Professor Ceperley is a Fellow of the American Physical Society and a member of the American Academy of Arts and Sciences. He was elected to the National Academy of Sciences in 2006.

[Illinois] PHYS466 2013 Lecture 11: Constant Pressure and Temp
05 Jun 2013  Online Presentations  Contributor(s): David M. Ceperley
Professor Ceperley received his BS in physics from the University of Michigan in 1971 and his Ph.D. in physics from Cornell University in 1976. After one year at the University of Paris and a second postdoc at Rutgers University, he worked as a staff scientist at both Lawrence Berkeley and Lawrence Livermore National Laboratories. In 1987, he joined the Department of Physics at Illinois. Professor Ceperley is a staff scientist at the National Center for Supercomputing Applications at Illinois.
Professor Ceperley's work can be broadly classified into technical contributions to quantum Monte Carlo methods and contributions to our physical or formal understanding of quantum manybody systems. His most important contribution is his calculation of the energy of the electron gas, providing basic input for most numerical calculations of electronic structure. He was one of the pioneers in the development and application of path integral Monte Carlo methods for quantum systems at finite temperature, such as superfluid helium and hydrogen under extreme conditions.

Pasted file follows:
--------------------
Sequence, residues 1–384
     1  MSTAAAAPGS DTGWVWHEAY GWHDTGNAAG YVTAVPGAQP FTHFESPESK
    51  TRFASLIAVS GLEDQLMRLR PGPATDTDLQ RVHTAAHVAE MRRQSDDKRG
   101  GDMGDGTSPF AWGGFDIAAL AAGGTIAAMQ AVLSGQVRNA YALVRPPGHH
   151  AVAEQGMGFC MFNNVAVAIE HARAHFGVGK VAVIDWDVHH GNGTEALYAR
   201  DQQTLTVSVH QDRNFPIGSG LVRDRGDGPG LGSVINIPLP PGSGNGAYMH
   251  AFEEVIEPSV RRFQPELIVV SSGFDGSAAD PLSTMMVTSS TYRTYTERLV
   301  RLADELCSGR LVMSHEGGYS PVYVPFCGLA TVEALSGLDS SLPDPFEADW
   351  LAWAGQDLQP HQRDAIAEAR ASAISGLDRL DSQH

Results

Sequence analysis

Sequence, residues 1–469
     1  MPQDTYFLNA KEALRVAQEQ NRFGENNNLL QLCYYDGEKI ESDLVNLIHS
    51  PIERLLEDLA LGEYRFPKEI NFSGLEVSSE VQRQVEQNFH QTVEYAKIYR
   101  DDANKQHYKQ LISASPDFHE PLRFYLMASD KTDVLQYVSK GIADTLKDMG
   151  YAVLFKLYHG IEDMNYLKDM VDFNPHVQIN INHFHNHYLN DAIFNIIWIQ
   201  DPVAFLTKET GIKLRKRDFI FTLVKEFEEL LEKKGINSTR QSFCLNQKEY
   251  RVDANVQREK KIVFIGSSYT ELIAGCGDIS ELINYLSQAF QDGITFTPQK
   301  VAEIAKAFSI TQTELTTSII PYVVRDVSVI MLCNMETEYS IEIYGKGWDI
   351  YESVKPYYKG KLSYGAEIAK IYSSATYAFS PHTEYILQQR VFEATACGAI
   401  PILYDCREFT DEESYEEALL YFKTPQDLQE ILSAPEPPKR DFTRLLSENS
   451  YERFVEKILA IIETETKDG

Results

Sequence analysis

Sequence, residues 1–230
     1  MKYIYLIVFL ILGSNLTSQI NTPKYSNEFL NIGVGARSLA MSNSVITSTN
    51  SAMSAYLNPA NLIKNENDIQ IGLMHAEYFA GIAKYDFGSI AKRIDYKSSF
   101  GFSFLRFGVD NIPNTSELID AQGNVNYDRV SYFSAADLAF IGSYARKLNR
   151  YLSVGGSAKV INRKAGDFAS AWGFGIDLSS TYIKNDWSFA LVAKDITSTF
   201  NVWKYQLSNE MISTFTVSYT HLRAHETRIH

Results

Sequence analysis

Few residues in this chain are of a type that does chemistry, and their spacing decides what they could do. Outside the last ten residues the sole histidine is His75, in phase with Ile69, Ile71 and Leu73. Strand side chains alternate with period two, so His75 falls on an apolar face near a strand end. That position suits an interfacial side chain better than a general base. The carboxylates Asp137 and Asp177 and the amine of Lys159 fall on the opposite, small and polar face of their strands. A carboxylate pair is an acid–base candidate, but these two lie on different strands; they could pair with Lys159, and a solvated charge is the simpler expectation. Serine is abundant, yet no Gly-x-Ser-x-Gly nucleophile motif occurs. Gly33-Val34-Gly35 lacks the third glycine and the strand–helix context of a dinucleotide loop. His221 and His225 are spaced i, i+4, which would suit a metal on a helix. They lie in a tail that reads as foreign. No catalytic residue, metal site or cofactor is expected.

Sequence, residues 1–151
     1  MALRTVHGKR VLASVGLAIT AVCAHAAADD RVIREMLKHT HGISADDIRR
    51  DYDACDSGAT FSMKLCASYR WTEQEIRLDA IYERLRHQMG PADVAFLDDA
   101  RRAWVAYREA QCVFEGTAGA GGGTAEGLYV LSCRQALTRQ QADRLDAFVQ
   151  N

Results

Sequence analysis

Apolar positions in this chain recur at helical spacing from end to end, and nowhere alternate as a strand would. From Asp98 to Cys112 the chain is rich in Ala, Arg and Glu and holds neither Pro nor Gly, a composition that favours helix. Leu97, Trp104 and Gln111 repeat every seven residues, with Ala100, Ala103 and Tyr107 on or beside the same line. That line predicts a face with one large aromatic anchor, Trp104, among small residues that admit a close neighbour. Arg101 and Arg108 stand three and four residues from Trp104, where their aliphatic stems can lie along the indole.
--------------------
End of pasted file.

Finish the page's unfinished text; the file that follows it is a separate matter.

Professor Ceperley is a Fellow of the American Physical Society and a member of the American Academy of Arts and Sciences. He was elected to the National Academy of Sciences in 2006.

[Illinois] PHYS466 2013 Lecture 17: Markov Chains
05 Jun 2013  Online Presentations  Contributor(s): David M. Ceperley

[Illinois] Dr. Amos Lecture 1 (10/8/12)
15 May 2013  Online Presentations  Contributor(s): Jennifer Amos
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[Illinois] ECE 416 DNA Microarrays I
08 May 2013  Online Presentations  Contributor(s): Brian Cunningham
In this lecture, we started off with a revision of DNA with genes and gene expressions and how DNA sends messages. The problem with gene detection is how to analyze expressions with thousands of genes and determine what possible physiological processes a gene may be related to. All cells have the same genome, but each cell can express different set of proteins. The mRNA sequences present in a cell can be seen with a DNA …

[Illinois] ECE 416 Homogeneous Assays II
08 May 2013  Online Presentations  Contributor(s): Brian Cunningham